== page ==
Baker & Taylor
Colin Burke, Moscow correspondent for an American magazine, finds himself caught up in the total disarray and corruption lying at the heart of the crumbling Soviet Union
Blackwell North Amer
In 1990 Robert Cullen published, to widespread and enthusiastic praise, his first novel, Soviet Sources, a masterful and prophetic thriller about an American journalist in Moscow who uncovered a world-threatening KGB coup against the embattled reformist Soviet government. The New York Times (which picked the book as one of its Notable Books of the Year) hailed it as "first-rate"; Time said that it "jolts the genre into new life"; and the Los Angeles Times called it "unique." Now, with Cover Story, Cullen has surpassed the high standards of that earlier book and should be greeted even more warmly by readers and critics alike.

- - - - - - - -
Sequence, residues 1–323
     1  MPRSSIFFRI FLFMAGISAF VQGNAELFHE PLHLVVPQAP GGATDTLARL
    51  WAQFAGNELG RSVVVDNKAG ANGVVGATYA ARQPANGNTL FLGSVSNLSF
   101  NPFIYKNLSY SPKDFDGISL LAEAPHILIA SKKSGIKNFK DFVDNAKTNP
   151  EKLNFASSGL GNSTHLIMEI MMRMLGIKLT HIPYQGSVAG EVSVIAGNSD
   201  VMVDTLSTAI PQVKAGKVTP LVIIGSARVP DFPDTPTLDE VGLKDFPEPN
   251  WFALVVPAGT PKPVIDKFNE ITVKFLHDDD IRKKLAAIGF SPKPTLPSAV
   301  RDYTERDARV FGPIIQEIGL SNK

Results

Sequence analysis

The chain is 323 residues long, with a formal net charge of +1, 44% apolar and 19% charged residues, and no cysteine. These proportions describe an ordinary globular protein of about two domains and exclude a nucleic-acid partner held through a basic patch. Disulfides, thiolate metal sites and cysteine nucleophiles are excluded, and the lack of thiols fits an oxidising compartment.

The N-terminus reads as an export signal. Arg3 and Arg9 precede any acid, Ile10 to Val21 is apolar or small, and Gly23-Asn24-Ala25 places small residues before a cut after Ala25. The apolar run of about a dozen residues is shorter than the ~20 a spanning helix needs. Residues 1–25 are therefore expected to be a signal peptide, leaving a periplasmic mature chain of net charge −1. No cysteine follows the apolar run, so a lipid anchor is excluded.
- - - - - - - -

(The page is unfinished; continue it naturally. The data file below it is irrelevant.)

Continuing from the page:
His hero from Soviet Sources, Colin Burke, is back again, this time as a correspondent for a newsmagazine called America Weekly. While covering Middle East peace talks in Moscow, Burke is given a tip on a different, more dangerous story involving the Syrians and Russian nuclear scientists. "I'm insensitive," he says early on. "It has its advantages." Burke is not, of course, and soon he is besieged by foreign agents of all stripes, finds himself the target of office intrigue in both Moscow and back in New York, is forced to rely on the black market and its denizens for assistance, and is having increasing trouble with the bottle...
A thoroughly convincing and gripping portrait of present-day Russia, a crumbling society in almost total disarray, with opportunities for corruption, double-dealing, and betrayal everywhere, Cover Story is a brilliantly sustained novel of suspense.
Colin Burke, Moscow correspondent for an American magazine, finds himself caught up in the total disarray and corruption lying at the heart of the crumbling Soviet Union. By the author of Soviet Sources.
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